Let’s take a look at these restrictions a bit closer.

#### 1. Only One Rest Parameter Allowed

A JavaScript function can only have a single …rest parameter in the function definition.

For instance, this type of function fails to compile:

`function f(...args1, ...args2) {}`

#### 2. The Rest Parameter Has to Be the Last Parameter

The rest parameter must be the last parameter in the function definition.

For instance, this does not work:

`function f(...rest, x, y, z) {}`

But this does:

`function f(x, y, z, ...rest) {}`

### What Problem Does the Rest Parameter Solve?

Before rest parameters were introduced to JavaScript, there was a lot of boilerplate code for converting function arguments to an array.

The only way to access the arguments of a function was via the arguments object.

But this was not an array.

To treat the arguments as an array, you would need to convert the arguments to an array separately. This is not too practical.

Here is a comparison of times before the rest parameters and today:

```// BEFORE
// Back in the day, "arguments" could be converted to a normal array by:
function f(a, b) {
let argsArray = Array.prototype.slice.call(arguments);
// Alternatively
// let argsArray = [].slice.call(arguments)
// let argsArray = Array.from(arguments)

let firstArg = argsArray.shift();
}

// AFTER
// These days, you do not need to make the conversion thanks to rest parameters
function f(...args) {
let firstArg = args.shift();
}```

This example is quite theoretical. In the examples below you are going to see why this is actually really useful.

Speaking of examples, let’s take a look at a bunch of them.

### Examples

Enough for the theory. It is time to get our hands dirty with the rest parameters.

#### Functions with Any Number of Arguments

As mentioned earlier, you can create a function that takes an arbitrary number of arguments by utilizing the rest syntax.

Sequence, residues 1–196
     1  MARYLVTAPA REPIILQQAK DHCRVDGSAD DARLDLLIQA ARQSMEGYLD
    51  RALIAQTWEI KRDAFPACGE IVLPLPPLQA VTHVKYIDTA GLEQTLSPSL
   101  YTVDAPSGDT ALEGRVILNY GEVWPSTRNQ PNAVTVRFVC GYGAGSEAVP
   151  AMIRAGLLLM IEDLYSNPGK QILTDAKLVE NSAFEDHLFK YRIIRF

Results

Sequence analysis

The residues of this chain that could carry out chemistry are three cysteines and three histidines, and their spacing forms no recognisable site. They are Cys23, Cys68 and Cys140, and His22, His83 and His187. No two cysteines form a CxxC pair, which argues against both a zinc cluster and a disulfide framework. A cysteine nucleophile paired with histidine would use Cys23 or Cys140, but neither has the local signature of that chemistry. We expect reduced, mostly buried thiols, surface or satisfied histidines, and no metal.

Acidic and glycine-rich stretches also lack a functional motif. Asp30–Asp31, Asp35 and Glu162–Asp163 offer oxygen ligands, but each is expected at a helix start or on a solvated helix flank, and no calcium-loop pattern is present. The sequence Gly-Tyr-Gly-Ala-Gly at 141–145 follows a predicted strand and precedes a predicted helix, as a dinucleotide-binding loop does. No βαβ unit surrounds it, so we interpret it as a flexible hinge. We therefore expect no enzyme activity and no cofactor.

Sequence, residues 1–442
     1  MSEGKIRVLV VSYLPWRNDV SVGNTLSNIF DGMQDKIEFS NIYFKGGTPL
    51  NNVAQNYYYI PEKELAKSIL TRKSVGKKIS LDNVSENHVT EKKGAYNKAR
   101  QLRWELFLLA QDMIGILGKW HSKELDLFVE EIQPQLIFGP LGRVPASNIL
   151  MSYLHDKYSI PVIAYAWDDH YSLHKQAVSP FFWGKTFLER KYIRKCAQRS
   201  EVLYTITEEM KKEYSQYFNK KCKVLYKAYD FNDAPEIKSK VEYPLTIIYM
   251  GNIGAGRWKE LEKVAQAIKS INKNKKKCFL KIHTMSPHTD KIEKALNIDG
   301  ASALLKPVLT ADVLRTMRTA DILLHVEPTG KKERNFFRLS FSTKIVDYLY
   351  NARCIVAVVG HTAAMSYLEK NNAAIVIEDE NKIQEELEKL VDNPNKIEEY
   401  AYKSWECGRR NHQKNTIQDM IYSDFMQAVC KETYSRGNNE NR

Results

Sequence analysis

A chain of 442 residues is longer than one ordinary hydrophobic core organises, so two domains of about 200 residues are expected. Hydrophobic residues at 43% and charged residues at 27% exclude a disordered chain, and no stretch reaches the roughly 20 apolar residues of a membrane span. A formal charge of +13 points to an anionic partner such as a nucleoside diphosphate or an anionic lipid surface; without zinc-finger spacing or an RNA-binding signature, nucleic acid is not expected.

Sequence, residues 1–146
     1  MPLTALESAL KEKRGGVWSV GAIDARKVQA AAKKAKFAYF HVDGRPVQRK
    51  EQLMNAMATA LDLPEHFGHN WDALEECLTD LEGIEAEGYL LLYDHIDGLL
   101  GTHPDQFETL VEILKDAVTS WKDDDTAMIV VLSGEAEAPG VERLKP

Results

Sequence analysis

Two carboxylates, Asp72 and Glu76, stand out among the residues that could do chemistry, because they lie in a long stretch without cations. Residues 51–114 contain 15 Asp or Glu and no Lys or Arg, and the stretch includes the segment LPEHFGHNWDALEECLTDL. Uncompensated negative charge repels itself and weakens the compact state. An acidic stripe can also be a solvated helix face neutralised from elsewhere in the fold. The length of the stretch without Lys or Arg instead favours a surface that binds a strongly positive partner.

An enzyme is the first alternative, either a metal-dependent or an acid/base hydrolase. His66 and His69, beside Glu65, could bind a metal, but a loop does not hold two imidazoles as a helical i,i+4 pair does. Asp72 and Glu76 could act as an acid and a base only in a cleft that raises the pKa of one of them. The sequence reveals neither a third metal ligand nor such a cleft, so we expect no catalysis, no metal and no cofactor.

For example, let’s write a function that sums up any number of arguments using the reduce() method.

```function sum(...args) {
return args.reduce((a, b) => a + b, 0);
}

console.log(sum(1, 2, 3));           // 6
console.log(sum(1));                 // 1
console.log(sum(1, 2, 3, 4, 5, 6));  // 21```

This is a perfect example of where it is super useful to have the arguments as an array, to begin with.

Now there is a way to directly operate on the arguments, instead of having to convert them to an array separately.

Let’s see another example of the rest parameters.

#### Combine Regular Arguments with Rest Parameters

As you learned, the two restrictions on the rest parameters are:

1. The rest parameters must be the last argument in the function definition.
2. There can be only one rest parameter in a function definition.

But nothing prevents you from having rest parameters mixed with a regular parameter or parameters.

To demonstrate this, let’s modify the sum() function from the previous example.

This time, let’s name the function accumulate() and make it accept two arguments:

1. The first argument that specifies the operation you want to perform.
2. The last argument is an arbitrary number of values to operate on.